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 Collection: Virtual Music Rare Book Room
Ballet du Temple de la paix

Ballet du Temple de la paix

Date: 1685
Creator: Lully, Jean Baptiste, 1632-1687 & Quinault, Philippe, 1635-1688
Description: The elements that make up the Jean-Baptiste Lully's Ballet du Temple de la Paix have some parallels to the plot of Roland, which premiered in the same year. Both celebrate the expanding influence of France and Louis XIV through the introduction of exotic characters. The flexibility of the ballet de cour format, which was more a progression of loosely related scenes and spectacles than an organized plot, allowed librettist Philippe Quinault more freedom in his elaboration of that theme.
Contributing Partner: UNT Music Library
Barbe bleue : comédie en prose et en trois actes

Barbe bleue : comédie en prose et en trois actes

Date: 1789
Creator: Grétry, André Ernest Modeste, 1741-1813 & Sedaine, 1719-1797
Description: Although the story of Bluebeard was familiar to French readers from Charles Perrault’s 1698 collection of children’s tales, transferring it to the operatic stage was problematic due in large part to the gruesome nature of the plot. Other violent works had appeared in Paris, but in this instance, the drama was to be performed at the Comédie-Italienne, which typically featured lighter plots than that of Raoul and Isaure. Nevertheless, the opera had a successful run, receiving over a hundred performances in the decade after its premiere. After its initial popularity, Raoul Bluebeard was staged less frequently, but it still made an impression on nineteenth-century composers, particularly Weber.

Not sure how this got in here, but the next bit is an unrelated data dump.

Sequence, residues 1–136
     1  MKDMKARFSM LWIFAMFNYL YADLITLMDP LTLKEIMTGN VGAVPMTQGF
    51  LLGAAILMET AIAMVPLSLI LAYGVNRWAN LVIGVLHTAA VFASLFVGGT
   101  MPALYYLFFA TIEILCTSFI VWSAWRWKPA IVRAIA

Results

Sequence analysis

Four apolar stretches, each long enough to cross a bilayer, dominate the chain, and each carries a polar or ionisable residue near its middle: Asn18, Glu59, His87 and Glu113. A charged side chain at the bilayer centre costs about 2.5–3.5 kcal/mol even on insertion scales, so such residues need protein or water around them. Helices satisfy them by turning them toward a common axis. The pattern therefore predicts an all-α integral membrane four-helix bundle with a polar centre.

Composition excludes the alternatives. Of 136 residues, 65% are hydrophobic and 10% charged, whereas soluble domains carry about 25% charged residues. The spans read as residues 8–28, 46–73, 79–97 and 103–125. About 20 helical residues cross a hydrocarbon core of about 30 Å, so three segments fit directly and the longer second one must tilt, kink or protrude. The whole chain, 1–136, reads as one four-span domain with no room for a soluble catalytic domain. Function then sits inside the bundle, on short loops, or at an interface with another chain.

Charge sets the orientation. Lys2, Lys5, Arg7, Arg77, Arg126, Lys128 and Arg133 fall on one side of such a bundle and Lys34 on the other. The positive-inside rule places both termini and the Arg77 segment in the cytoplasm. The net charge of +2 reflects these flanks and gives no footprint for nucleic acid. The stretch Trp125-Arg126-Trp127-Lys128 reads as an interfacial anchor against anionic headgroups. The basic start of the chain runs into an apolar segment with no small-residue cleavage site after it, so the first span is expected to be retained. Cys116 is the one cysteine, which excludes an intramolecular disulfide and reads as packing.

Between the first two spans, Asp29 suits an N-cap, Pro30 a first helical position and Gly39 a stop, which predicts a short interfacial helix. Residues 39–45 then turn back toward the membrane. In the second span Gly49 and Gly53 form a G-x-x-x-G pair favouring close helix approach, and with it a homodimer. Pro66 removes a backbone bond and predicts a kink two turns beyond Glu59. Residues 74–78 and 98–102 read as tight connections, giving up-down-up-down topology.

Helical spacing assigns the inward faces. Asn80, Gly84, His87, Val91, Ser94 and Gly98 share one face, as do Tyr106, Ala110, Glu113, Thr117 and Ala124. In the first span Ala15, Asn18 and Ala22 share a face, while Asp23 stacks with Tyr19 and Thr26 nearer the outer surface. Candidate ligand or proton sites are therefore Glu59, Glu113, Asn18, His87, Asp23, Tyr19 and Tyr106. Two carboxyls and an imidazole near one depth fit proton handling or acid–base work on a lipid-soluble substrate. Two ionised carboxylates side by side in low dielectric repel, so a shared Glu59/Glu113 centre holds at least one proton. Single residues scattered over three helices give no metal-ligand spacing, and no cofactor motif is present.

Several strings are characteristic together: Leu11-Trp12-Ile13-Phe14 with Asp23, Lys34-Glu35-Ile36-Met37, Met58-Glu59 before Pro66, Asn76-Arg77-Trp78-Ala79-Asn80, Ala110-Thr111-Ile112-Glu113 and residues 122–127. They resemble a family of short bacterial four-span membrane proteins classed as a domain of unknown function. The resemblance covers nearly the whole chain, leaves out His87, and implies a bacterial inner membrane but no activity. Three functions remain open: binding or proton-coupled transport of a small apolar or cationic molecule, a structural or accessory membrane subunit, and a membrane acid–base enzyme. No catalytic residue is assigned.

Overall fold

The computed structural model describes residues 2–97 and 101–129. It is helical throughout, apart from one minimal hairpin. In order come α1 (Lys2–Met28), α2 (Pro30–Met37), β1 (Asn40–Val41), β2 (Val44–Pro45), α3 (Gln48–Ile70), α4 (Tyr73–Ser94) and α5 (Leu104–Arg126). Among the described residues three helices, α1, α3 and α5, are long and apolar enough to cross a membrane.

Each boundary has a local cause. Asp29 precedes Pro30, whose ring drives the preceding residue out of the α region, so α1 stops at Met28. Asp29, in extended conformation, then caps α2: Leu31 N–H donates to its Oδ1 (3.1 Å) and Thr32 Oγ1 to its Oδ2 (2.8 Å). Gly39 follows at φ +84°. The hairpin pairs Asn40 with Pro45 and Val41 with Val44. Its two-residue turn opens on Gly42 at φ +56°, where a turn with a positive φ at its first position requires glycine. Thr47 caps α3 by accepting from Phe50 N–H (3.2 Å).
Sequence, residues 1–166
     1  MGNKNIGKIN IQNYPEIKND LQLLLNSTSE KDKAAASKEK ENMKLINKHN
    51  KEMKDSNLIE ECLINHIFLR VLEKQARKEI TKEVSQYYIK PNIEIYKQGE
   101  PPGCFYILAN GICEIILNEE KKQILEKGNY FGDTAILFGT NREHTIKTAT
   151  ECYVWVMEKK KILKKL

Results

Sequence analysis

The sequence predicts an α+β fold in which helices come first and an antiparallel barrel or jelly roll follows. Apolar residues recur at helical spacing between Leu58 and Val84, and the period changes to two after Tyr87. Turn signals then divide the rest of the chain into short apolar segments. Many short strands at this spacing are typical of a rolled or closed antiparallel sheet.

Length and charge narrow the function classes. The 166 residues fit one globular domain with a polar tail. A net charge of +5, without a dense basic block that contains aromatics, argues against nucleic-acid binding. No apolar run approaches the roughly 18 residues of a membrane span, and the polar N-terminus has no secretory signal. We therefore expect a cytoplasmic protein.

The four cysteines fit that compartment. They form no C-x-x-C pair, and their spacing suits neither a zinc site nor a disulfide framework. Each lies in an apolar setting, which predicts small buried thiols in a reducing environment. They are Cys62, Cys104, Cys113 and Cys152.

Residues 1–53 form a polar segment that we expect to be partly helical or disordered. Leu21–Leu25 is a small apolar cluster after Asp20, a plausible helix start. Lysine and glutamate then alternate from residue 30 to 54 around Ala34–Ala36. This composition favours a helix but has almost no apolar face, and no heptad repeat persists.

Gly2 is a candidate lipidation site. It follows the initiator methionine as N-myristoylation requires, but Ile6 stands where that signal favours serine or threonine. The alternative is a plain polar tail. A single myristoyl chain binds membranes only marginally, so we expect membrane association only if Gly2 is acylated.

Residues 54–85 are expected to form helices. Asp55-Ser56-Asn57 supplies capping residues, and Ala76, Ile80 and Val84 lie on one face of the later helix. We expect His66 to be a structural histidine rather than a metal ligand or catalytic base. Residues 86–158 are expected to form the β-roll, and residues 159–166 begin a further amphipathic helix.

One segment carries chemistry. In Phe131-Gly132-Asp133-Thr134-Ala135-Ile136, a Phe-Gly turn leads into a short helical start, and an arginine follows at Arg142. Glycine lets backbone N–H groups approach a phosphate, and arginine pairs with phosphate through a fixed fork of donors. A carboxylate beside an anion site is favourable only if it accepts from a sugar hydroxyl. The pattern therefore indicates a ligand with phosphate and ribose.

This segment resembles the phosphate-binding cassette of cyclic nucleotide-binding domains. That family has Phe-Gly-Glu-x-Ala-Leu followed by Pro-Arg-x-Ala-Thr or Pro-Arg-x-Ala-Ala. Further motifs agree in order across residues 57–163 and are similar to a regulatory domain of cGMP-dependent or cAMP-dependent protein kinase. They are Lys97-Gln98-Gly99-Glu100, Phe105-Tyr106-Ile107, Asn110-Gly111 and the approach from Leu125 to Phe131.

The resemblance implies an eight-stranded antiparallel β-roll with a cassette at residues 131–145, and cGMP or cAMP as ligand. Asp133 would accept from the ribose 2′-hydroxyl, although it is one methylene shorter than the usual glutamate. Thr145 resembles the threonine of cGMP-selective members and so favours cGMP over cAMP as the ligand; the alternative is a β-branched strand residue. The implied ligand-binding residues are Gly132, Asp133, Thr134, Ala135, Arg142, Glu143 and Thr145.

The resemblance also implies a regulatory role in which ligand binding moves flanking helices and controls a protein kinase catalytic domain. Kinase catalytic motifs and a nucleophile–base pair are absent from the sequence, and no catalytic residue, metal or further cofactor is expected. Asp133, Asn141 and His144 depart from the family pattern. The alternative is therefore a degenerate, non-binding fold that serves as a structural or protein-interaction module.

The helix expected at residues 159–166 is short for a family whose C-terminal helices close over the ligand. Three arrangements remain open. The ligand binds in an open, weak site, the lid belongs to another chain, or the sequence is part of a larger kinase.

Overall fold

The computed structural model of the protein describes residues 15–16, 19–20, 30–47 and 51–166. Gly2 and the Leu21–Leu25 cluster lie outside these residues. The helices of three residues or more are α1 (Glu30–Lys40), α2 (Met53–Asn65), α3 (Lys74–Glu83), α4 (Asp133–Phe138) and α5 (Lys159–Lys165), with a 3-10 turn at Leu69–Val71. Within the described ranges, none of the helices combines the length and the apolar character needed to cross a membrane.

Contributing Partner: UNT Music Library
Barbier de Seville [Il barbiere di Siviglia] Opéra comique en quatre actes

Barbier de Seville [Il barbiere di Siviglia] Opéra comique en quatre actes

Date: 1789
Creator: Paisiello, Giovanni, 1740-1816; Beaumarchais, Pierre Augustin Caron de, 1732-1799 & Framery, Nicolas Etienne, 1745-1810
Description: None
Contributing Partner: UNT Music Library
Beggar's opera

Beggar's opera

Date: 1735
Creator: Pepusch, John Christopher, 1667-1752. & Gay, John, 1685-1732.